In the coming weeks, prepare yourself for a whole lot of stuff on Emperor Mollusk and his universe.  I’m going to approach this from a Mass Effect perspective, meaning that you are going to learn not just about the story I’ve written, but the universe it takes place in.  I’ll also be writing about the story, about the inspirations that helped create it, and about the characters themselves.  My hope is that by the end of the month, you’ll be salivating to read this book.  You’ll see it not just as a novel, but as a doorway into a world of fantastic adventure, deep thoughts, and cool characters.  Kind of like Narnia, but with more rayguns and giant robot fights.

Stay tuned, gang.  I promise you won’t be disappointed.

Keelah Se’lai

Fighting the good fight, Writing the good write,



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  1. KJ
    Posted February 3, 2012 at 10:54 pm | Permalink

    One of the reasons you’re one of my favorite authors is that you DON’T write series(es?).

    As a general rule, I don’t like series. There are trilogies or series that I will read, but I am extremely, extremely selective about getting involved with them. I think I only have enough time to read about 15 or 20 books a year, and I don’t want to spend half of those books on a single author writing in a single setting with a single set of characters. I largely read because I have a constant hunger to see something new, and getting wrapped up in a series defeats the purpose of this.

    If an author can meet my need for novelty, I will go back to that author again and again, ironically reading more books by them than the number of books in many series I’ve passed up. I can’t tell you how many books I’ve put down after seeing “BOOK ONE in the blah blah blah trilogy…” on the cover–but I have five books of yours in my library that I’ve read.

    Anyway… I’ve you’re especially pushing for Emperor Mollusk versus the Sinister Brain, I will be more than happy to pick it up. And read it in public. And tell everyone how great it is. (Even if it isn’t in a series.)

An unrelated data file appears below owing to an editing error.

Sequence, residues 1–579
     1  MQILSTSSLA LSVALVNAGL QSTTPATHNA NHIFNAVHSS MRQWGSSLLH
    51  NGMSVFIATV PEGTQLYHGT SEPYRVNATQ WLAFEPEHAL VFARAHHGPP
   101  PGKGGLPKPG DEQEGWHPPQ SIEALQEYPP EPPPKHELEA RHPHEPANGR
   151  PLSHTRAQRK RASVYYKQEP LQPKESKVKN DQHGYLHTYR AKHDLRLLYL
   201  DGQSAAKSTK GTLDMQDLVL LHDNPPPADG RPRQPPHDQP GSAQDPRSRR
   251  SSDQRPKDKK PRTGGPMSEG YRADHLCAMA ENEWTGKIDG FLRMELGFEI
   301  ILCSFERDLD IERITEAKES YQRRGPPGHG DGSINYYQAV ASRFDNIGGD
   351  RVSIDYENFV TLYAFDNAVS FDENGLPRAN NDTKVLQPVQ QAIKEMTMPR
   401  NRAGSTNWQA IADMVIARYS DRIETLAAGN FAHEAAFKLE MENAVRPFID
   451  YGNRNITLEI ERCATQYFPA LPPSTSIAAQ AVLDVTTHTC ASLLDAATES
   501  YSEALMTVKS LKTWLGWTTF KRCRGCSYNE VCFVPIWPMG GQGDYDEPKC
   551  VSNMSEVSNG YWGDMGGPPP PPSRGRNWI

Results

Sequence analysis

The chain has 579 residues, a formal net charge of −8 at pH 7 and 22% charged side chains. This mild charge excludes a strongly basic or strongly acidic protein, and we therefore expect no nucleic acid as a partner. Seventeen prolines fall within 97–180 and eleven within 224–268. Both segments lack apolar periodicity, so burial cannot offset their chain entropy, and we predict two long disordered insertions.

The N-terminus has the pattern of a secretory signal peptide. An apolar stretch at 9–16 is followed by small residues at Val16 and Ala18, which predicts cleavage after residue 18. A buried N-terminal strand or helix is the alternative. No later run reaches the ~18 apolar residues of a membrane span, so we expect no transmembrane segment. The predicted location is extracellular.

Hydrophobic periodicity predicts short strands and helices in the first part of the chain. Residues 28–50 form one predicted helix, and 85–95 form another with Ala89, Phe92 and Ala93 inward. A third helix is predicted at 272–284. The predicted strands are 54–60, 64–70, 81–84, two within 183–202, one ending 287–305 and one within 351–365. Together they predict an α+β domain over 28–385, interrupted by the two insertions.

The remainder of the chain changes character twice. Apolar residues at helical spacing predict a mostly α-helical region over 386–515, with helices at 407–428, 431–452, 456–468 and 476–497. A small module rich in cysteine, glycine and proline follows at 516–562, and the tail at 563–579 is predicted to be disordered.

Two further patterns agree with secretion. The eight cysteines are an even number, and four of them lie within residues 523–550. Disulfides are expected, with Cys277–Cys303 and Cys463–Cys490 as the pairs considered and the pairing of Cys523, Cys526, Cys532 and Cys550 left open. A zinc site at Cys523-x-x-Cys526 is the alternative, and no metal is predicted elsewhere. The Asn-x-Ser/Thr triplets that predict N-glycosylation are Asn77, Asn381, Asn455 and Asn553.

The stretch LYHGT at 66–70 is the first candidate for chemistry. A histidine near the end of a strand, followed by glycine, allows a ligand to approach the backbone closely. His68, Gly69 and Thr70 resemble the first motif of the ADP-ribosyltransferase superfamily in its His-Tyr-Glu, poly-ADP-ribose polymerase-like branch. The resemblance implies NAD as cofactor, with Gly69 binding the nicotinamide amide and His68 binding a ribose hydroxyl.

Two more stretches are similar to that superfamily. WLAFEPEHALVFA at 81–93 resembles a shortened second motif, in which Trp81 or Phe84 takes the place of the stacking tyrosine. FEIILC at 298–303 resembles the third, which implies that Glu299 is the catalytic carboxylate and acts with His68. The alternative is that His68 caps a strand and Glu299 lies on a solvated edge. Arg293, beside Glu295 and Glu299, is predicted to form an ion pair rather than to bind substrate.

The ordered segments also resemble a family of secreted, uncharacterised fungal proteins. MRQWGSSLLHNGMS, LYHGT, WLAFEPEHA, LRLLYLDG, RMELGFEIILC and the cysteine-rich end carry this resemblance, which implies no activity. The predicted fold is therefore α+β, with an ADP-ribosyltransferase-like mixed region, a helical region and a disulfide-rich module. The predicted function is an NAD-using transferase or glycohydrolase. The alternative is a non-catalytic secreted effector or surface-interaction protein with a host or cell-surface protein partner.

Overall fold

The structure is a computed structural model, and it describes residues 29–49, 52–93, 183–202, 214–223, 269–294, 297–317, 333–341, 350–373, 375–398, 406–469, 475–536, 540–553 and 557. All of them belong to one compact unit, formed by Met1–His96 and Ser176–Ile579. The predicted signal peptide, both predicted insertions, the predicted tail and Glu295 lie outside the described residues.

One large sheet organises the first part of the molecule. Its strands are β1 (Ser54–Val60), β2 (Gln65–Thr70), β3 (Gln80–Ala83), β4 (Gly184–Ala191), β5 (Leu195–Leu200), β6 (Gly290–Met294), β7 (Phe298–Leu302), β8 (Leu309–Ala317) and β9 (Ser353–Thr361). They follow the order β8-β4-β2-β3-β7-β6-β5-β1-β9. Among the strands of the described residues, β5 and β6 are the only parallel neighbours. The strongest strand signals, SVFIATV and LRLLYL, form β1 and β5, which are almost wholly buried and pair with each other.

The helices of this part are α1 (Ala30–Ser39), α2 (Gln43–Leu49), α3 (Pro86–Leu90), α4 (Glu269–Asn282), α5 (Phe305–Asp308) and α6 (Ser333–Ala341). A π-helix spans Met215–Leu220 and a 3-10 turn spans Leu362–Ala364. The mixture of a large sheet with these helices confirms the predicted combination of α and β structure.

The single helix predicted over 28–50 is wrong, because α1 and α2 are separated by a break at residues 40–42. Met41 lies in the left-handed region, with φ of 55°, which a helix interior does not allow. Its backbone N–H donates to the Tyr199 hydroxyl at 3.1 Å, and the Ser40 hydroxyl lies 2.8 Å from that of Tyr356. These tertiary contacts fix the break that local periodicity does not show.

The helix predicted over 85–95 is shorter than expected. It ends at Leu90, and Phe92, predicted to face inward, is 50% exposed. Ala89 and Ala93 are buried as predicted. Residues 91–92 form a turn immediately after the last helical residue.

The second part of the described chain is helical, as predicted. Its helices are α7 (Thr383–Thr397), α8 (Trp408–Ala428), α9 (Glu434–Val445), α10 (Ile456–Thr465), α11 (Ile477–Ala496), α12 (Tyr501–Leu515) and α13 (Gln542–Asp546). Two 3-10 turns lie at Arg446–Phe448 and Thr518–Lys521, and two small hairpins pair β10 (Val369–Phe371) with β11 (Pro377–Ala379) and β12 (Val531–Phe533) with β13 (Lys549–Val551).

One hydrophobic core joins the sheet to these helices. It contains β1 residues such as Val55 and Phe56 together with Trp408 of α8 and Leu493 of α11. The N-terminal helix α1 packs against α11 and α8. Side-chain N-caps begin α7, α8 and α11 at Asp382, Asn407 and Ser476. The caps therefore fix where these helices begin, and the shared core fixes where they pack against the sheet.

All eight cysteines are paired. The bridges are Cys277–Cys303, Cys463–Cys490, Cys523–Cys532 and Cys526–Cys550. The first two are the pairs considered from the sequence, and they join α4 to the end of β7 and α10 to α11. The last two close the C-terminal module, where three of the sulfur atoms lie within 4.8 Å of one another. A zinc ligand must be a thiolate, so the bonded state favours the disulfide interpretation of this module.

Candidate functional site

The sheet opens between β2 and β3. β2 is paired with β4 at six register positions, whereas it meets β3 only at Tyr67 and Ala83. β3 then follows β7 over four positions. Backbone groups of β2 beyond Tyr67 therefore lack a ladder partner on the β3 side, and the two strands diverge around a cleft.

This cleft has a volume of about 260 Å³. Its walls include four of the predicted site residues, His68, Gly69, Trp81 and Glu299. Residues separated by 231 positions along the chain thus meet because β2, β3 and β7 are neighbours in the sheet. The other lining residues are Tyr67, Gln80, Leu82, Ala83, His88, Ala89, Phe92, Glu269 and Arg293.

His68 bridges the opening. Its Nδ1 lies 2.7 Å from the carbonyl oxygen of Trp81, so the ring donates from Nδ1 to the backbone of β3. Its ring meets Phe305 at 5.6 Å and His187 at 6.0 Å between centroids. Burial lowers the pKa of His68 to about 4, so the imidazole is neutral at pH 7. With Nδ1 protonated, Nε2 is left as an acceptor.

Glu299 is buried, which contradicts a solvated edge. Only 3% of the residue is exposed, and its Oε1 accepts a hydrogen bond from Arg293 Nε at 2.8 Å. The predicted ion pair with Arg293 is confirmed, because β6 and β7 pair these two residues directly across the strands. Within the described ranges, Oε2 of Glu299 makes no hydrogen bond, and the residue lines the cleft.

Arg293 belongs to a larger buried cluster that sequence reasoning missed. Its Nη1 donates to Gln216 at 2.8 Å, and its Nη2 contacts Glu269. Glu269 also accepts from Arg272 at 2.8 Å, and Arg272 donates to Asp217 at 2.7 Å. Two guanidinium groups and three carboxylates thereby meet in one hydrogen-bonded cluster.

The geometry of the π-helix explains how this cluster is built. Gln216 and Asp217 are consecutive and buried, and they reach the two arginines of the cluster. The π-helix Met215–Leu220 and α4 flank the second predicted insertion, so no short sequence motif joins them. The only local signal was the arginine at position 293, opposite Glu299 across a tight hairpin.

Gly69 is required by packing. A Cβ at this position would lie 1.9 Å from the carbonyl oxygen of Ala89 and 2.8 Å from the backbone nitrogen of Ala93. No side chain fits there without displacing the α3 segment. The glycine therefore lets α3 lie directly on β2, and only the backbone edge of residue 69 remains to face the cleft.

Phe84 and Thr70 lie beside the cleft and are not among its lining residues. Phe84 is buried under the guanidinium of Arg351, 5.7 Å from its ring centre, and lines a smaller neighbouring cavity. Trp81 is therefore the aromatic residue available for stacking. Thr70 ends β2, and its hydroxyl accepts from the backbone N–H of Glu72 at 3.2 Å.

2. Lisa
    Posted February 4, 2012 at 12:42 pm | Permalink

    Personally, I like stand alones. I often get bored with the repetition of a series. And I love finding an author who can produce many great stand alones. When I pick up that author’s books, I know I can expect a good, entertaining read, no matter what the universe or who the characters.

    And I LOVE telling my friends and family about great authors.

    So please keep up the good work!

  3. David Greybeard
    Posted February 5, 2012 at 1:43 pm | Permalink

    I’ve been buying all your books since that first one! I’m one of those folks who prefer buying hardcover, so I’m happy all your newer books are in that format. Thank you for all your hard work.

  4. Posted February 5, 2012 at 3:30 pm | Permalink

    I definitely love books in a series, although it does drive me mad having to wait for the new book to come out, especially since mass market paperbacks can be read in a day or two, depending upon how much time you have. I love different series being set in the same universe, but I truly hate the waiting.

    I am always excited when one of your books comes out because I know it will be a great read, and I for one, am happy that when each book is finished my time with the characters is over and done with. I have plenty of other authors driving me nuts waiting for the next book in their series, it is nice to also follow the works of an author who is proficient enough to write completely new books each time.

    I am very much looking forward to Emperor Mollusk and must look into getting Chasing the Moon the next time I am at a bookstore.

  5. Annamal
    Posted February 5, 2012 at 5:07 pm | Permalink